One thing that will greatly simplify game design, and making additions to the game, is to separate the drawing of the screen from the game's logic. By logic I mean any code that moves things, calculates things, times things, or otherwise controls the game.

Testing is an important aspect of any programming project. The best way to test a new function is to plug it into a SMALL test program before adding it to the main program code. Always make test code as simple as possible so that you are testing the new code, not the test stub.

Another concern is to time things so that the game runs at the same speed on computers of different speeds. This is done by using a timer on the PC that runs at the same speed on all PC's. One easy to use timer for DOS games is the BIOS TICK. This is an unsigned long integer that increases by one 18.6 time per second.

// PC bios data area pointer to incrementing unsigned long int
#define TICKS	    (*(volatile unsigned long far *)(0x0040006CL))

In practice this timer is a bit on the slow side to provide smooth animation. The PC also provides a timer that can generate an int8 at programmable intervals. We can then hook an ISR to this interrupt and use it to time all the game events. Many PC music and sound packages also use this interrupt and provide some sort of timing function. Do not change the int8 timer if using a music package that is also using the int8 service.

NOTE: the int8 timer is used to time many DOS and BIOS functions. The old timer interrupt should be called at approximately its original rate of 18.6 times per second.

Installing an int8 timer, and programming it to run at 60Hz

volatile unsigned long fast_tick, slow_tick;
static void interrupt (far *oldtimer)(void);   /* BIOS timer handler */

void deinit_timer(void);


/*

   You don't have to call the old timer, but if you don't
   you have to write some code to cleanup in de-init that
   fixes DOS's internal clock.

   Its also considered 'good form' to call the old int.
   If everyone does, then everything that other TSR's etc...
   may have installed will also work.

   If you skip the little chunk of ASM code- the out 20-
   you WILL LOCKUP all interrupts, and your computer

   Anyways, this test replacement just increments a couple of
   long ints. 
*/
/* ---------------------- new_timer() ------------------- August 23,1994 */
static void interrupt new_timer(void)
{
   asm cli
   fast_tick++;

   if ( !(fast_tick & 3) ) // call old timer ever 4th new tick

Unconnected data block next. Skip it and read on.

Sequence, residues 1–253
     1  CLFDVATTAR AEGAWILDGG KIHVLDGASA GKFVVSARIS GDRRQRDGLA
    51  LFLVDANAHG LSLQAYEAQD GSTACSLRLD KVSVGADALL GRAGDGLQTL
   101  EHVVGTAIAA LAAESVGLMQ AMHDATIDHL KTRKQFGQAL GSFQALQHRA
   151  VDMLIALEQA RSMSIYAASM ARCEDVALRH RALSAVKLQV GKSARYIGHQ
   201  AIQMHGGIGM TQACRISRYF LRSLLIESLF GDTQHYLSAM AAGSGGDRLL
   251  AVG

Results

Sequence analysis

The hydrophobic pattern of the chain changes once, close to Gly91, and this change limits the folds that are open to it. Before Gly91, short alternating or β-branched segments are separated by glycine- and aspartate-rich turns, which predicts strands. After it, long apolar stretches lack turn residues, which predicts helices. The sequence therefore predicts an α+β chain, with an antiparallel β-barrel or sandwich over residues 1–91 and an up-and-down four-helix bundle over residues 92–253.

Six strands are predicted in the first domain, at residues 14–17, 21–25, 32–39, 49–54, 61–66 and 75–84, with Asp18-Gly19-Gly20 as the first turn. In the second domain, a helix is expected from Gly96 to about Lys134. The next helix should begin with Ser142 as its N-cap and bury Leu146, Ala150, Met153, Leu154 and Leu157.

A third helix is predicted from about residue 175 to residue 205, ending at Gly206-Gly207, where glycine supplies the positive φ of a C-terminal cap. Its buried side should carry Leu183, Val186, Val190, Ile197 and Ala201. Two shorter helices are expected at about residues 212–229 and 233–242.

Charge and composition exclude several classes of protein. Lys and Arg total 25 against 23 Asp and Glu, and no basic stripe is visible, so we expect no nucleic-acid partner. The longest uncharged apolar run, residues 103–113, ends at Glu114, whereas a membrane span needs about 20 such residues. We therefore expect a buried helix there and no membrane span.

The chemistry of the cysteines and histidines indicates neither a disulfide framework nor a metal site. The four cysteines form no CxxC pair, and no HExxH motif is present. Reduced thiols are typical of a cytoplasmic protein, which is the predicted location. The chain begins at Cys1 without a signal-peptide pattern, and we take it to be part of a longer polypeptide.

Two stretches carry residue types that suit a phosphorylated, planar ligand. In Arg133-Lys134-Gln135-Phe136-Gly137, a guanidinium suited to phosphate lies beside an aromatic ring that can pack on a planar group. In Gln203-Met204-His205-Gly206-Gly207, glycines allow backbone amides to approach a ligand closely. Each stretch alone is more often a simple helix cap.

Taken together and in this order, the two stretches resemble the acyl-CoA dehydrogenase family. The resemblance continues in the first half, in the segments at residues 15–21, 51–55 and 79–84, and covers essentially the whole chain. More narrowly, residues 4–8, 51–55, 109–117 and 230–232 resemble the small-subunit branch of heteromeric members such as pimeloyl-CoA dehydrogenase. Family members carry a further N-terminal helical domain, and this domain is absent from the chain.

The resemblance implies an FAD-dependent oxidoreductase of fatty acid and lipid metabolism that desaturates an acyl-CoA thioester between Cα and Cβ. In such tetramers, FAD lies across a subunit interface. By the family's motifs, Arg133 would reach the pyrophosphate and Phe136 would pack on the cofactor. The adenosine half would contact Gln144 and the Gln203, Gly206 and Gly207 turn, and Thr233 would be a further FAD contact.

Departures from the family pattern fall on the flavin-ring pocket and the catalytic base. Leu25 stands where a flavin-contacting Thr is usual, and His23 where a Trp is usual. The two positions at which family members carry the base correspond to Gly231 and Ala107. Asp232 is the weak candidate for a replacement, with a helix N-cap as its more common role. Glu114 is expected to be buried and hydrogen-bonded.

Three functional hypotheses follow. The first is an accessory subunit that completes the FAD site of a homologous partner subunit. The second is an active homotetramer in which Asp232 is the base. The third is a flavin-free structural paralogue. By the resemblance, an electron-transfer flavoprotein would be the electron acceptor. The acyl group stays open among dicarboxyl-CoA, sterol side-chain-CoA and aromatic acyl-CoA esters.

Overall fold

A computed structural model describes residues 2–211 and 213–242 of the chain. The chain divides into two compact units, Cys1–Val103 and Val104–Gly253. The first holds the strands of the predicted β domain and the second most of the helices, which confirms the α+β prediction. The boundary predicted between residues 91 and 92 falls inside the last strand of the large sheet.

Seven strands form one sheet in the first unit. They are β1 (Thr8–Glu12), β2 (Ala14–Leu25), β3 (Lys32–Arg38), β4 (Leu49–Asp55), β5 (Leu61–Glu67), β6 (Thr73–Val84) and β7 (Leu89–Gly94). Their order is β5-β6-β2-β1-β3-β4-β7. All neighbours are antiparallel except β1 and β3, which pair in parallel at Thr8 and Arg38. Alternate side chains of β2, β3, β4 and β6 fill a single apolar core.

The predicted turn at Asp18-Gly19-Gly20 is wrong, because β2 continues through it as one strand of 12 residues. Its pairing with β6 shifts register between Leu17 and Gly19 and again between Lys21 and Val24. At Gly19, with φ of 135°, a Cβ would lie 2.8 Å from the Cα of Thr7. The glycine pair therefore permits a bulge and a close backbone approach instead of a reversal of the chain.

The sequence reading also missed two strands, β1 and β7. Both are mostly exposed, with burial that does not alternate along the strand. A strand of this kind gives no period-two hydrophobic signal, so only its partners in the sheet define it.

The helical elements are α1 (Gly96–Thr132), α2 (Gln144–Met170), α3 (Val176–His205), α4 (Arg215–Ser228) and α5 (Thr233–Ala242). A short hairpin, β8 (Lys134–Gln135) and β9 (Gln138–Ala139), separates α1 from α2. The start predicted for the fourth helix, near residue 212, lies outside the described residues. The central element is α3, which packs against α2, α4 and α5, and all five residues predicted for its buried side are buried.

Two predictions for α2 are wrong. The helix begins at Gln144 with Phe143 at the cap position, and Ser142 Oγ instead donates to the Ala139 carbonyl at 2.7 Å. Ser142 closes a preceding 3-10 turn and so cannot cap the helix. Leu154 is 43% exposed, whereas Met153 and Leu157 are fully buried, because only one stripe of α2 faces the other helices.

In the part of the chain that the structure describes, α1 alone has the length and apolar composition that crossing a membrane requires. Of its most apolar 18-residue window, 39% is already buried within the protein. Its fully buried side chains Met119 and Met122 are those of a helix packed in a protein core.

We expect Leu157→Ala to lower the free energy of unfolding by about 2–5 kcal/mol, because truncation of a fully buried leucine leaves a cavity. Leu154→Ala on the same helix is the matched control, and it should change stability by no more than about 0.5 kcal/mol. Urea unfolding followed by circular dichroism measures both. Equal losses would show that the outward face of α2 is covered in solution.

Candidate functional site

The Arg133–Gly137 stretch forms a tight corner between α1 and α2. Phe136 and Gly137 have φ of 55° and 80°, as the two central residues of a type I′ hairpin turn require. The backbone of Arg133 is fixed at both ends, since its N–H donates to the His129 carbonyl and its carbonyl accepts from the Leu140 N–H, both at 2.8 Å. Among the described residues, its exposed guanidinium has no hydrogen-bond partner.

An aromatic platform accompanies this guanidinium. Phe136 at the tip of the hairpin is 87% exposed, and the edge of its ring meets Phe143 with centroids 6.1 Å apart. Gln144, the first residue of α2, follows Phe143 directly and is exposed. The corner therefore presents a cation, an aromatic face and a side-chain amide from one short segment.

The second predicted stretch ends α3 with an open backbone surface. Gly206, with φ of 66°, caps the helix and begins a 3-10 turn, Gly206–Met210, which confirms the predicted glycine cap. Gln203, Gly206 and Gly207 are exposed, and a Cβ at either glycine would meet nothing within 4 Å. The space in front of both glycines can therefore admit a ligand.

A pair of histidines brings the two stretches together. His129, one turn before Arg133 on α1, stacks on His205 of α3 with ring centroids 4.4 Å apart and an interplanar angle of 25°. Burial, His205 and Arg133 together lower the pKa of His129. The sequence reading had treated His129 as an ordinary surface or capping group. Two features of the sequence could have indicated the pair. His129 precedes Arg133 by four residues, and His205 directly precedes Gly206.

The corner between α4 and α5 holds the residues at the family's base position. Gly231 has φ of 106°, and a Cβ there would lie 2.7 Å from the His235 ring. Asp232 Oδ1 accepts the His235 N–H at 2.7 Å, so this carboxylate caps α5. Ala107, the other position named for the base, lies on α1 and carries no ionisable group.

{
      oldtimer();  // not the best way to chain
      slow_tick++;
      }
   else
      {
      // reset PIC
      asm {
          mov al, 20h
          out 20h, al
          } 
      }

   asm sti
}


/* see that 1st line of inline asm?

   to set whatever clock speed you want load
   bx with 1193180/x where x is the clock speed you want in Hz.

*/
/* ---------------------- init_timer() ------------------ August 23,1994 */
void init_timer(void)
{

   slow_tick=fast_tick=0l;
   oldtimer=getvect(8); // save old timer

   asm cli

   // speed up clock
   asm {
      	mov     bx,  19886     //  set the clock speed to 60Hz (1193180/60)
      	mov     al,  00110110b
    	out     43h, al
      	mov     al,  bl
	out     40h, al
    	mov     al,  bh
      	out     40h, al
      }

   setvect(8, new_timer);

   asm sti
}


/* ---------------------- deinit_timer() ---------------- August 23,1994 */
void deinit_timer(void)
{
   asm cli

   // slow down clock   1193180 / 65536 = 18.2, but we use zero

   asm {
      	xor bx,  bx          // min rate 18.2 Hz when set to zero
    	mov al,  00110110b
      	out 43h, al
	mov al,  bl
    	out 40h, al
      	mov al,  bh
	out 40h, al
      }

   setvect(8, oldtimer);  // restore oldtimer

   asm sti

}

Now that we have a timer how is it used to time things? For each element in the game that must be timed we store a number that indicates the NEXT time it should move. This number is set by getting the current time, and adding to it.

Example of timing the movement of a pixel

int x,y;  // pixel location
int dx, dy;  // speed of pixel
unsigned long next_time;
int done=0;
int loop;

x=100;
y=100;

dx=1;
dy=1;

next_time=fast_tick + 3;  // fast tick is incremented by the int8 ISR

while ( !done )
	{
	// if the computer is quick, we may draw the pixel many times without moving.
	if ( fast_tick >= next_time )
		{
		// if the computer is slow, we may have to move the pixel more than once
		// for it to be were it belongs
		loop=fast_tick - next_time;
		
		while ( loop-- )
			{
			x+=dx;
			y+=dy;
			}

		next_time=fast_tick + 3;
		}
	
	put_pixel(x,y, 5);
	update_buffer();
	}

This timing technique causes slow computers to keep up by `skipping' frames (also referred to as `dropping' frames). The animation will not be smooth, but things will move at the correct speed. Usually you should try to aim at your game running at about 60 frames per second on whatever computer is current without skipping frames. 30 frames per second is the minimum for smooth animation.

Chapter 5 Exercises

1. Write a program that draws a filled rectangle in the centre of the screen, and bounces one pixel. If the pixel hits the centre rectangle it will bounce, and the rectangle will change colour.

2. Write a program that draws a filled rectangle in the centre of the screen, and bounces one pixel. If the pixel hits the centre rectangle it keeps going straight, and the rectangle changes colour until the pixel is no longer touching it.

3. Write a program that bounces 3 small sprites. The spites will bounce off the `walls' and each other.

4. Write a program that fills the screen with rectangles as wide as the screen that alternate with two colours. When the space bar is pressed have the second colour change to the first colour. A second press of the space bar restores the original colour.

5. Write a program to extract the palette from a PCX file, and store it to a second file.

6. You have written a game that has a information screen at the bottom, and the top displays a playing field that changes dramatically with each level including changing all the colours used. What will happen to the bottom score board when you change levels?

7. Write a program that changes the colour of a solid rectangle using colour cycling.

8. Write a program that makes a series of narrow rectangles appear to scroll using colour cycling.

9. Write a program that bounces one sprite on the screen. Pressing Q will speed it up, Pressing A will slow it down. Use a timer to control its speed. How else could you change its speed?

10. What are three (of many) things you should plan before starting programming a game.

Click here for chap5.zip (18 KB)

Introduction . Chapter 1 . Chapter 2 . Chapter 2.1 . Chapter 3 . Chapter 4 . Chapter 5 . Chapter 6

Copyright 1998 (c), Alex Russell, All rights reserved